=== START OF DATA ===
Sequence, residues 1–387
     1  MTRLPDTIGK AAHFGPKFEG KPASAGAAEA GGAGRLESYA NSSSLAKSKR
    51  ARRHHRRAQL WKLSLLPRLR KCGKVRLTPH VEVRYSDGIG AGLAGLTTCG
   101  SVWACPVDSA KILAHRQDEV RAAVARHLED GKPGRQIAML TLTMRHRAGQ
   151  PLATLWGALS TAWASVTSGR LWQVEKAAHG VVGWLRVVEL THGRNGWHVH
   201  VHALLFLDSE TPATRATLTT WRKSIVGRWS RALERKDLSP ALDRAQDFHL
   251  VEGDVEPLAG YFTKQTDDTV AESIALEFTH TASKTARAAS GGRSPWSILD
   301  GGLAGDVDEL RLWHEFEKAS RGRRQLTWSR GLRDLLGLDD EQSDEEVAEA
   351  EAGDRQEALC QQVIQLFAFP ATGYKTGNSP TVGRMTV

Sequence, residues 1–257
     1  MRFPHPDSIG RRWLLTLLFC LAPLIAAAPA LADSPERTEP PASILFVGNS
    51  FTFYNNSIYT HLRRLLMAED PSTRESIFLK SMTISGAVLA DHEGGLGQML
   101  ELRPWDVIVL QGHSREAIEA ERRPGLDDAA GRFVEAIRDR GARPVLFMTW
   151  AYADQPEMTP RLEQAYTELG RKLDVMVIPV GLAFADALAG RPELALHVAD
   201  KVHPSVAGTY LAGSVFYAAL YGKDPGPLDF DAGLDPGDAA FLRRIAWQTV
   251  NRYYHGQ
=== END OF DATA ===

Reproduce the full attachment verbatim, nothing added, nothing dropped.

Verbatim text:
Sequence, residues 1–387
     1  MTRLPDTIGK AAHFGPKFEG KPASAGAAEA GGAGRLESYA NSSSLAKSKR
    51  ARRHHRRAQL WKLSLLPRLR KCGKVRLTPH VEVRYSDGIG AGLAGLTTCG
   101  SVWACPVDSA KILAHRQDEV RAAVARHLED GKPGRQIAML TLTMRHRAGQ
   151  PLATLWGALS TAWASVTSGR LWQVEKAAHG VVGWLRVVEL THGRNGWHVH
   201  VHALLFLDSE TPATRATLTT WRKSIVGRWS RALERKDLSP ALDRAQDFHL
   251  VEGDVEPLAG YFTKQTDDTV AESIALEFTH TASKTARAAS GGRSPWSILD
   301  GGLAGDVDEL RLWHEFEKAS RGRRQLTWSR GLRDLLGLDD EQSDEEVAEA
   351  EAGDRQEALC QQVIQLFAFP ATGYKTGNSP TVGRMTV

Sequence, residues 1–257
     1  MRFPHPDSIG RRWLLTLLFC LAPLIAAAPA LADSPERTEP PASILFVGNS
    51  FTFYNNSIYT HLRRLLMAED PSTRESIFLK SMTISGAVLA DHEGGLGQML
   101  ELRPWDVIVL QGHSREAIEA ERRPGLDDAA GRFVEAIRDR GARPVLFMTW
   151  AYADQPEMTP RLEQAYTELG RKLDVMVIPV GLAFADALAG RPELALHVAD
   201  KVHPSVAGTY LAGSVFYAAL YGKDPGPLDF DAGLDPGDAA FLRRIAWQTV
   251  NRYYHGQ